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The Non-constancy of Equivalence Scales


  • Conniffe, Denis


Comparisons of households of differing composition are usually achieved through the use of equivalence scales. It is we ll known that the choice of scales can have considerable impact on the conclusions drawn from studies of welfare and poverty. There is a considerable literature on the theoretical issues relating to equivalence scales, but applied work on income distribution and rela ted areas almost invariably takes scales to be constant irrespective of income. This paper focuses on the relation of scale to income by applying theoretical analysis to some simple household types. The conclusion is that scales are not constant and that current practice should be changed. Copyright 1992 by The International Association for Research in Income and Wealth.

Suggested Citation

  • Conniffe, Denis, 1992. "The Non-constancy of Equivalence Scales," Review of Income and Wealth, International Association for Research in Income and Wealth, vol. 38(4), pages 429-443, December.
  • Handle: RePEc:bla:revinw:v:38:y:1992:i:4:p:429-43

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    References listed on IDEAS

    1. Krueger, Alan B & Summers, Lawrence H, 1988. "Efficiency Wages and the Inter-industry Wage Structure," Econometrica, Econometric Society, vol. 56(2), pages 259-293, March.
    2. Gary Solon & Robert Barsky & Jonathan A. Parker, 1994. "Measuring the Cyclicality of Real Wages: How Important is Composition Bias?," The Quarterly Journal of Economics, Oxford University Press, vol. 109(1), pages 1-25.
    3. Robert J. Shiller & Stefano Athanasoulis, 1995. "World Income Components: Measuring and Exploiting International Risk Sharing Opportunities," NBER Working Papers 5095, National Bureau of Economic Research, Inc.
    4. Shiller, Robert J, 1993. " Measuring Asset Values for Cash Settlement in Derivative Markets: Hedonic Repeated Measures Indices and Perpetual Futures," Journal of Finance, American Finance Association, vol. 48(3), pages 911-931, July.
    5. Gray, Jo Anna, 1976. "Wage indexation: A macroeconomic approach," Journal of Monetary Economics, Elsevier, vol. 2(2), pages 221-235, April.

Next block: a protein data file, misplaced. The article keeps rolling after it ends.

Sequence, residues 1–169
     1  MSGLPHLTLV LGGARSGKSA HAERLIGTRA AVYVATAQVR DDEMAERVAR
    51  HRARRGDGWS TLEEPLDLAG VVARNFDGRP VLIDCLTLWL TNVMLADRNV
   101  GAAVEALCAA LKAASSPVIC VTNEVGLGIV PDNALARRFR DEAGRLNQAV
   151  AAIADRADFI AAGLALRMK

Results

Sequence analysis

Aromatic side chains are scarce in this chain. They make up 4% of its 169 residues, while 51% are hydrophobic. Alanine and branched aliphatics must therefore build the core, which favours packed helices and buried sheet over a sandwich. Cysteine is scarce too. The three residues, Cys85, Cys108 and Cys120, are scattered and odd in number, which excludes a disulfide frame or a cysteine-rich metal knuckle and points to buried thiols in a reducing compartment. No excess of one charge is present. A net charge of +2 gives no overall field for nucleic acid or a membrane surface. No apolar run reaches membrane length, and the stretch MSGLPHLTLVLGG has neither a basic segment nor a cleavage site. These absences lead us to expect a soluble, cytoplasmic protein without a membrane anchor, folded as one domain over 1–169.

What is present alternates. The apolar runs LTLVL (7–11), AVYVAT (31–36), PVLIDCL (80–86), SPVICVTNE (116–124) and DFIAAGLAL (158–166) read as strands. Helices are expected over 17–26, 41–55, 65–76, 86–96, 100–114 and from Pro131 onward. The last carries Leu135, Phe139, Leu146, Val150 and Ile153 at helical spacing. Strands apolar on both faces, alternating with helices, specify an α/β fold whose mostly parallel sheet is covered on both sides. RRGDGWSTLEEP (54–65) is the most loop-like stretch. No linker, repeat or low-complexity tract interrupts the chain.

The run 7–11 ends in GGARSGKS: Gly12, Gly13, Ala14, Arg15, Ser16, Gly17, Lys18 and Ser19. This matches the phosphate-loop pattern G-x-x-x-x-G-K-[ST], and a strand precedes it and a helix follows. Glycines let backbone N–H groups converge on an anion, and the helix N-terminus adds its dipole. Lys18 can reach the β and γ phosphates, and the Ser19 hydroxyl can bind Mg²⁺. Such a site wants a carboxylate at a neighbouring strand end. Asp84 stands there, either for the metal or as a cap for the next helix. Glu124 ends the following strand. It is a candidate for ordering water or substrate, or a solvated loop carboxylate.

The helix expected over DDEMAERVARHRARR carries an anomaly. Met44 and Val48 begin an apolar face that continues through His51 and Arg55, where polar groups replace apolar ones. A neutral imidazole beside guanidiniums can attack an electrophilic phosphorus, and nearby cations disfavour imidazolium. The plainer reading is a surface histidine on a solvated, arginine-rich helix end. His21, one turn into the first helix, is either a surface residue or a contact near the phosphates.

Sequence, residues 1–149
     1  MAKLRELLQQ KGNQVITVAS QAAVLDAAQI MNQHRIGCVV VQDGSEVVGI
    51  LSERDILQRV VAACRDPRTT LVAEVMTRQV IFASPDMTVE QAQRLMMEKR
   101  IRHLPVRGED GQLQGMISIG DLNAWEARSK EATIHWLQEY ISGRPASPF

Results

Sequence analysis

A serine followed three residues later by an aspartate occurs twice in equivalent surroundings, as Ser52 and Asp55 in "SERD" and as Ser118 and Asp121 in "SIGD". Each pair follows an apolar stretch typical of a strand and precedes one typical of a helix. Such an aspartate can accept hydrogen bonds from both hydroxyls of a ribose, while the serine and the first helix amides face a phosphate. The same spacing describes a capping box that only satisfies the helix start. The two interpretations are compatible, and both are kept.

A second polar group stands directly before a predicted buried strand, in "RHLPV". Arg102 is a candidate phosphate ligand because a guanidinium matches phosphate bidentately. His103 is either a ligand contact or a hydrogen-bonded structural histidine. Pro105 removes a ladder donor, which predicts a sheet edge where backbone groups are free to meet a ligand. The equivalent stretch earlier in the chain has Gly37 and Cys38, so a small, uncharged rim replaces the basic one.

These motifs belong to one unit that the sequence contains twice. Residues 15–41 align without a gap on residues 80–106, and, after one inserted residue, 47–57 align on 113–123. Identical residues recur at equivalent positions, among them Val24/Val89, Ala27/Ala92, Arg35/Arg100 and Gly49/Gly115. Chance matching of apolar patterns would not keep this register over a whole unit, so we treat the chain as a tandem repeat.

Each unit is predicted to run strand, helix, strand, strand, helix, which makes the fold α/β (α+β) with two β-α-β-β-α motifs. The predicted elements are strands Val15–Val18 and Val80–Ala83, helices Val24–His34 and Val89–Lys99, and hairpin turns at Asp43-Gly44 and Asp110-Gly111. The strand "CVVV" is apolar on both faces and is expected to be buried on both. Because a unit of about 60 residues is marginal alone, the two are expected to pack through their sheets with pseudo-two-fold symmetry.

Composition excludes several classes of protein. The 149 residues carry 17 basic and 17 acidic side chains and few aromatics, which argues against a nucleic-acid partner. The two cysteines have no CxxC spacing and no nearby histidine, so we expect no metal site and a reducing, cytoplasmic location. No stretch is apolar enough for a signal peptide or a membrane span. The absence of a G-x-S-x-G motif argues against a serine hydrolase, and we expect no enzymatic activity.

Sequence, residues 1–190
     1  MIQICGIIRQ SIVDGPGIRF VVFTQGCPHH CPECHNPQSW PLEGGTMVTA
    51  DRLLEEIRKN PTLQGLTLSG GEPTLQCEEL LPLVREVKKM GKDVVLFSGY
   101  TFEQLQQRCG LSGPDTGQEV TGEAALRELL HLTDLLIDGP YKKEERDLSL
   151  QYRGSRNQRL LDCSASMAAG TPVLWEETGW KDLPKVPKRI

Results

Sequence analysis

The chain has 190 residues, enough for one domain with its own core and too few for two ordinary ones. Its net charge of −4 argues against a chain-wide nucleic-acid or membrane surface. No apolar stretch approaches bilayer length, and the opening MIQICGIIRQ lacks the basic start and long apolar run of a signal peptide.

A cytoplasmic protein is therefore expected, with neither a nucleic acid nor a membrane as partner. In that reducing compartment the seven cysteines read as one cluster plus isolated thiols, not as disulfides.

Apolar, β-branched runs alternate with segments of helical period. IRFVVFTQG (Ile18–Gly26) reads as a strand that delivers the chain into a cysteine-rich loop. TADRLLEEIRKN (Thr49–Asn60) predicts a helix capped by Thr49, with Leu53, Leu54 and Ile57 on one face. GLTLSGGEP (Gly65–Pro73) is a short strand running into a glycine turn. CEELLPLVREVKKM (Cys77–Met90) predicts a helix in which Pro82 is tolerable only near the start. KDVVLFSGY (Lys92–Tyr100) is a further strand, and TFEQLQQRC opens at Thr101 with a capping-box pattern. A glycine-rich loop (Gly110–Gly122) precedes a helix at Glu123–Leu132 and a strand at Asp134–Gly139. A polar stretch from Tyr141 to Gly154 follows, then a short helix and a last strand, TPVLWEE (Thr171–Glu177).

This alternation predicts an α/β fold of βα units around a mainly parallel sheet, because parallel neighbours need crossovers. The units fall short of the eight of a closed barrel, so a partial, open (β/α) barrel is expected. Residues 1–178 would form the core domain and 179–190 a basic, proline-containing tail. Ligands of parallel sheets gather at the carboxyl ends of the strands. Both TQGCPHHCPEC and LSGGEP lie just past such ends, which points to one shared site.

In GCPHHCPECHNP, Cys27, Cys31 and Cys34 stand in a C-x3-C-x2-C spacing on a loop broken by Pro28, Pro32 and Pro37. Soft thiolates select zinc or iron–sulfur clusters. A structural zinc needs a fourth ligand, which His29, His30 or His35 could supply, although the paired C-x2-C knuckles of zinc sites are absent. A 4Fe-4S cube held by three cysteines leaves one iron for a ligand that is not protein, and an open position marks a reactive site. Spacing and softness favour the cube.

6. Bils, Mark J, 1985. "Real Wages over the Business Cycle: Evidence from Panel Data," Journal of Political Economy, University of Chicago Press, vol. 93(4), pages 666-689, August.
    7. Bewley, Truman F, 1995. "A Depressed Labor Market as Explained by Participants," American Economic Review, American Economic Association, vol. 85(2), pages 250-254, May.
    8. Cargill, Thomas F, 1969. "An Empirical Investigation of the Wage-Lag Hypothesis," American Economic Review, American Economic Association, vol. 59(5), pages 806-816, December.
    9. Peter Gottschalk & Robert Moffitt, 1994. "The Growth of Earnings Instability in the U.S. Labor Market," Brookings Papers on Economic Activity, Economic Studies Program, The Brookings Institution, vol. 25(2), pages 217-272.
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    Cited by:

    1. Olivier Bargain & Olivier Donni & Monnet Gbakou, 2010. "The Measurement of Child Costs: Evidence from Ireland," The Economic and Social Review, Economic and Social Studies, vol. 41(1), pages 1-20.
    2. Denis Conniffe & Brian Nolan & Christopher T. Whelan, 1999. "Household Composition, Living Standards, and "Needs"," Papers WP106, Economic and Social Research Institute (ESRI).
    3. Federico Perali, 2002. "Some curiosites about the Engel method to estimate equivalence scales," Economics Bulletin, AccessEcon, vol. 4(9), pages 1-7.
    4. Udo Ebert & Peter J. Lambert, 2004. "Horizontal Equity and Progression When Equivalence Scales Are Not Constant," Public Finance Review, , vol. 32(4), pages 426-440, July.
    5. Christian Dudel & Jan Marvin Garbuszus & Notburga Ott & Martin Werding, 2015. "Income Dependent Equivalence Scales, Inequality, and Poverty," CESifo Working Paper Series 5568, CESifo Group Munich.
    6. repec:ebl:ecbull:v:4:y:2002:i:9:p:1-7 is not listed on IDEAS
    7. Callan, Tim & Nolan, Brian & Whelan, Christopher T., 1996. "A Review of the Commission on Social Welfare's Minimum Adequate Income," Research Series, Economic and Social Research Institute (ESRI), number PRS29.

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